REALity Volume XXV  Issue No. 2 March/April 2006

France, along with other European nations, may be on the road to perdition with its extremely low birthrate and the resulting economic problems. Nonetheless, France obviously cares, and cares deeply, about those children that it does have. With a birth rate of only 1.76, France desperately wants to protect the children that have been born to them.

At the request of the President of the National Assembly, Jacques Chirac, a special 30 member multi-party “Information Mission” was created to propose changes in French law to better protect the rights of children and to reflect changes in the French family.

In carrying out this responsibility, the Mission traveled to Spain, the U.K., Belgium, The Netherlands and Canada. The visit to politically correct Canada must have given them quite a shock! These countries, with the exception of the U.K., have all made same-sex marriages legal.

The Mission’s Report was tabled in the French National Assembly on January 26, 2006. This wide ranging report touched on many aspects of children’s lives, including same-sex marriage, adoption, and procreation of children by way of the new medical technologies.

To the great credit of the Mission, it chose as its guiding principle the best interests of the child because it said, “it is the responsibility of society, and especially its legislative bodies, to ensure that children are able to develop harmoniously”.  According to the Mission’s report, this principle led to the Mission’s decision to affirm and protect children’s rights and the privacy of those rights over adults’ aspirations.  This is a refreshing change and a far cry from the situation in Canada where adult demands for rights and privileges override any rights or concerns for children.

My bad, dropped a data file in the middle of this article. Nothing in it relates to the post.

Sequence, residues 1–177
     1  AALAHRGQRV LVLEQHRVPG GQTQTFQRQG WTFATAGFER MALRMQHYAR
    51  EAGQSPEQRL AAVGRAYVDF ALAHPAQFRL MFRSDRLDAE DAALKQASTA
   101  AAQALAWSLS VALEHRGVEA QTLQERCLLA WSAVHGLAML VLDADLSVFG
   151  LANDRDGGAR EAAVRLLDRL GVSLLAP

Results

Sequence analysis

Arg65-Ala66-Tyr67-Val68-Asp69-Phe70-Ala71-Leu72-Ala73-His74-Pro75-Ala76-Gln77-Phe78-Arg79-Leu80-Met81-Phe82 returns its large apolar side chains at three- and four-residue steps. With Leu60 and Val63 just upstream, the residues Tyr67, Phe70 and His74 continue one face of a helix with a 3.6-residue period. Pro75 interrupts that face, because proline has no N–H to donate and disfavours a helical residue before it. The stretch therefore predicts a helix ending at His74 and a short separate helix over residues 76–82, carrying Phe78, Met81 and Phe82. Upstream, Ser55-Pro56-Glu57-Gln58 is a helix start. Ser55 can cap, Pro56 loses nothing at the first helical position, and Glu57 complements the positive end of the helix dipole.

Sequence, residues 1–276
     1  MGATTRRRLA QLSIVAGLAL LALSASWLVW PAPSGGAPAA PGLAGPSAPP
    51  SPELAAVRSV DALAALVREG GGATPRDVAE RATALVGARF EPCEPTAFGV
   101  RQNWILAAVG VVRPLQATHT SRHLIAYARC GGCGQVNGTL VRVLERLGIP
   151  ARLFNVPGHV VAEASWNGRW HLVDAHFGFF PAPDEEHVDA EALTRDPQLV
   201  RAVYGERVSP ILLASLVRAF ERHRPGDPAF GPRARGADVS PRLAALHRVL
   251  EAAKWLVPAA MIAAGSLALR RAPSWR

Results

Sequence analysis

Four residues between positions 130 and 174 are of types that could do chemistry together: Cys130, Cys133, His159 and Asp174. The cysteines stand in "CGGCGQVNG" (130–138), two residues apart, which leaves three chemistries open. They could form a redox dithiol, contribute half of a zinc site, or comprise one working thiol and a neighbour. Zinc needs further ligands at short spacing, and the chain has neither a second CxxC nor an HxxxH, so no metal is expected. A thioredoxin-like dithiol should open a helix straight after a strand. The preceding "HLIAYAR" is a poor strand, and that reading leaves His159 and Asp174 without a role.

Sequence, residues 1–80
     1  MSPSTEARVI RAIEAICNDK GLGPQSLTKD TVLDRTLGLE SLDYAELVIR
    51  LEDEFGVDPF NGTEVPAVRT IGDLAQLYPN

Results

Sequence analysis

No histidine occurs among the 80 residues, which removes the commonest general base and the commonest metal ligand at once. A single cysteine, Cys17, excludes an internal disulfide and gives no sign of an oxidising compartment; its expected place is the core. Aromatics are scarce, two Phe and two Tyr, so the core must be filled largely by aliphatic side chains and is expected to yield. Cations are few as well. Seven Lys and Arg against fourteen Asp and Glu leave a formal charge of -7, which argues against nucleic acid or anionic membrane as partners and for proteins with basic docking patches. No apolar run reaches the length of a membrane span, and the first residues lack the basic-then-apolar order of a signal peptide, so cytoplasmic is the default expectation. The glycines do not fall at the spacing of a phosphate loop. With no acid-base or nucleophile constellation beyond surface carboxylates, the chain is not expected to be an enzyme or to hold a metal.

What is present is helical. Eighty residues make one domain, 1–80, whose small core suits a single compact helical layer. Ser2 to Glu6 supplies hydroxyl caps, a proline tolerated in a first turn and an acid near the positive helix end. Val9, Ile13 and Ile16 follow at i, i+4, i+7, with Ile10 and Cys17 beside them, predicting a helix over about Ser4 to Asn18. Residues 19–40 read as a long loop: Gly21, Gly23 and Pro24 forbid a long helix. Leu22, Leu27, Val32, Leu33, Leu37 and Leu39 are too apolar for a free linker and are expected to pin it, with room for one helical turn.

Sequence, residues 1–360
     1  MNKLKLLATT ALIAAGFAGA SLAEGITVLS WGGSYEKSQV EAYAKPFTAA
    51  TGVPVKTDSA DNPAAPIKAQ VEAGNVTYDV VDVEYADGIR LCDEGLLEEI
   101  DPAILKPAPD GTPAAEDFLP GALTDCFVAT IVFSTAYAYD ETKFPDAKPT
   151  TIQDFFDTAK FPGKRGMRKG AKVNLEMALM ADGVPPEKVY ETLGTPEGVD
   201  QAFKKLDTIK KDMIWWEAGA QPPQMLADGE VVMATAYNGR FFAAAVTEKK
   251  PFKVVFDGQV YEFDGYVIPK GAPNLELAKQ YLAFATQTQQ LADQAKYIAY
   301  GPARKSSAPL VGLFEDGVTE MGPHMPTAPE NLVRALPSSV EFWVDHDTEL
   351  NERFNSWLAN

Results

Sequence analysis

Another refreshing approach was that the majority of the Mission was of the view that when children’s lives are the issue, legislators must act very cautiously and calmly to seek a social consensus, rather than trying to bring about changes through a legislative revolution (quite different from the same-sex marriage debate held last June in Canada’s Parliament).

What is amazing about this report is the logical and common sense way in which it approached the hot button issue of same-sex marriage. The report stated that “marriage is organized around the child and marriage is not merely the contractual recognition of the love between a couple; it is a framework that imposes rights and duties, and that is designated to provide for the care and harmonious development of the child”.  Thus the Mission concluded that children who represent the future of society must be defended regardless of developments in other countries that fail to protect children from same-sex marriages.  The report seriously criticized the studies on same sex parenting that claimed that same-sex parenting carried no ill effects for children.  The Mission noted the lack of scientific rigor, inadequate samplings and the flagrant lack of objectivity in these studies.

The report went on to say, forthrightly, that foreign examples demonstrate that countries that have made marriage available to same-sex couples have all, simultaneously or subsequently, authorized adoption by those couples and developed systems for assisted procreation or surrogate gestation, to enable those couples to have children. The Mission totally rejected this along with same-sex marriage.